IPCF awards grants to 12 local programs

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Illinois Prairie Community Foundation

BLOOMINGTON — Twelve local nonprofit programs in Central Illinois have been awarded a total of $37,641 in grants by the Illinois Prairie Community Foundation (IPCF) this past week.

The grants were given through the Women to Women Giving Circle and Youth Engaged in Philanthropy, the IPCF said in a press release.

Recipient organizations sharing the $27,641 Women to Women awards are:

  • Children’s Discovery Museum in collaboration with Children’s Home + Aid’s Scott Early Learning Center – $7,100 for “Growing STEAM Potential Through Play,” a program that aims to engage children, families and educators in playful learning experiences that enhance their excitement, curiosity and interest about STEAM (science, technology, engineering, arts and math) topics.
  • Lexington Elementary School in collaboration with Lexington Park District – $6,150 for “Littlest Learners – ‘Lex’ Go Get Moving,” a program that aims to improve the health and wellness of children under the age of 10 and help them develop a foundation for a healthy lifestyle while supporting their personal networks with resources, guidelines and opportunities to get active and make healthy choices.
  • Music Connections Foundation in collaboration with Marcfirst and The Baby Fold – $6,991 for “Kindermusik Class at SPICE for the At-Risk,” a program enabling parents and therapists to learn strategies for incorporating music, movement and literature into their routines and therapy sessions to ease stressful times and times of transition and to foster development in children, while promoting positive parenting and strengthening the parent-child relationship.
  • The Baby Fold in collaboration with McLean County Health Department – $3,000 for “Perinatal Mood Disorders Community Education and Outreach,” a program to encourage pregnant women and parents of very young children to seek mental health care and other supportive services as soon as they recognize they may be experiencing anxiety, depression and/or other mood disorders; program seeks to reduce the stigma related to seeking care.
  • The Immigration Project in collaboration with McLean County Unit 5 Schools – $4,400 for “Holistic Information Sessions for Immigrant Families,” a program to create more secure and healthier families by providing immigration legal information and advice to immigrant families while also providing useful skills to reduce some of the trauma inherent in the immigrant experience.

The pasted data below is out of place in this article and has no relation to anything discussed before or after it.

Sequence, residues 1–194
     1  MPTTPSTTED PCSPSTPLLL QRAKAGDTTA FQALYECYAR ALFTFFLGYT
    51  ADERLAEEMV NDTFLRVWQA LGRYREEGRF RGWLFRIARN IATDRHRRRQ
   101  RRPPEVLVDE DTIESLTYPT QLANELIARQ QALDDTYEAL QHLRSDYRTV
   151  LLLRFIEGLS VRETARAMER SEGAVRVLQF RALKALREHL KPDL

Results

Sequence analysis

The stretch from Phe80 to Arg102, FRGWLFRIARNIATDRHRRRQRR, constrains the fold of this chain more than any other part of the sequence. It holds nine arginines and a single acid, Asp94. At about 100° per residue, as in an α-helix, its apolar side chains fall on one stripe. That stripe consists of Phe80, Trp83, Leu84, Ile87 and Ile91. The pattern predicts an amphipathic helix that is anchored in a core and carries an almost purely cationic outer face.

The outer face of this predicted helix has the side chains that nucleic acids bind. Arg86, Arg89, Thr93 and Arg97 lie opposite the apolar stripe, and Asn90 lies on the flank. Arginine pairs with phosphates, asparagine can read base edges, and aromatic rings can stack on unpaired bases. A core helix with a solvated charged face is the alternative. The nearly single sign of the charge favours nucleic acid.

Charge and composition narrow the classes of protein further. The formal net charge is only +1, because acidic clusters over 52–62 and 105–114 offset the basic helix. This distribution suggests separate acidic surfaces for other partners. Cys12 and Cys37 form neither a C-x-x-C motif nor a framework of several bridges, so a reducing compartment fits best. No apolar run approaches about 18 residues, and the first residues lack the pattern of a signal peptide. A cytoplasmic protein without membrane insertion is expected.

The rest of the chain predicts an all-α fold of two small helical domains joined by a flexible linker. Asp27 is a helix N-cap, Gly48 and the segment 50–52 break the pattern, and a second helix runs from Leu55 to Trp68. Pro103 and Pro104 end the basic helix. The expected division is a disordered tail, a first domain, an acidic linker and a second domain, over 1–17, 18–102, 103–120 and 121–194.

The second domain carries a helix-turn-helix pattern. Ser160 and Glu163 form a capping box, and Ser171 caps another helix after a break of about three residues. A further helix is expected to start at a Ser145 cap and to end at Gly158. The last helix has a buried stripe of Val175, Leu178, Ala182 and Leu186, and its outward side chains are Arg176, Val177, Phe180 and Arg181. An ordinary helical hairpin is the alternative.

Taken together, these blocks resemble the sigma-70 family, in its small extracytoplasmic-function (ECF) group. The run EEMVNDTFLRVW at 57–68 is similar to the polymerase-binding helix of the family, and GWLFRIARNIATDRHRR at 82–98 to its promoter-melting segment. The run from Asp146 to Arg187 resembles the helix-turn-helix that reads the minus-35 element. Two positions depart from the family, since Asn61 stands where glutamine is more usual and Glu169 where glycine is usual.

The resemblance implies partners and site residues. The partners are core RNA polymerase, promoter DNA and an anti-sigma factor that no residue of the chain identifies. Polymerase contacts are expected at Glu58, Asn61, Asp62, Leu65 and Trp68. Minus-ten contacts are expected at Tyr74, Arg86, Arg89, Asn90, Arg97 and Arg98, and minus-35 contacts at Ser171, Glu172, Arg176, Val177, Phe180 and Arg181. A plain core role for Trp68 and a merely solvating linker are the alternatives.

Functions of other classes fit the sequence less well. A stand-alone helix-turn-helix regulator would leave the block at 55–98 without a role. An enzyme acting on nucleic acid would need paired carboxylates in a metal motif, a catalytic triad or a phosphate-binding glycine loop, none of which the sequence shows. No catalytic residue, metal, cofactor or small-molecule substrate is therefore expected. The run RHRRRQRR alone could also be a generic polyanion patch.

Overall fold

Recipient organizations sharing the $10,000 Youth Engaged in Philanthropy awards are:

  • Bloomington High School Promise Council – $2,000 for “Lights On at BHS” to provide a year-round safe, inclusive environment for events and activities that will engage students, educate them on the opportunities in the community and empower them to make changes in their lives and the world around them.
  • Fostering Dignity – $600 for “Backpacks for Youth,” a program that provides backpacks for Department of Children and Family Services investigators to use when removing children from their homes.
  • Muscular Dystrophy Association – $1,195 for “MDA Summer Camp,” a week-long summer camp where children aged 6-17 living with muscle diseases can enjoy a safe outdoor experience with a variety of adaptive activities, allowing them to stretch their comfort zones and become more independent.
  • Sunnyside Community Garden & Food Forest – $2,880 for “Growing Up!” to provide teens and pre-teens the opportunity to focus on leadership skills while enhancing their gardening skills; in turn, they will pass on their knowledge of gardening to youth (K-5) from the Boys & Girls Club in the Grow Your Garden program throughout the spring and summer.
  • The Forgotten Initiative – $1,200 for “The Joy of Dreaming” to fulfill the wishes of local youth in the foster care system, allowing them to focus on experiences that help them feel normal in an abnormal situation.
  • The Vault Community Center, Clinton – $480 for “Letters to My Younger Self” to involve youth at the community center in interviewing and video recording local adults about things they wish they could go back in time and do differently; youth will create a composite film of their interviews; grant will provide funding for equipment on screening night.
  • YWCA of McLean County – $1,645 for “Anti-Bias Education” to educate local school children about racism, sexism, ableism and more with the goal of eliminating bullying and creating a more inclusive environment that understands and celebrates diversity not only at school, but in the community at large.

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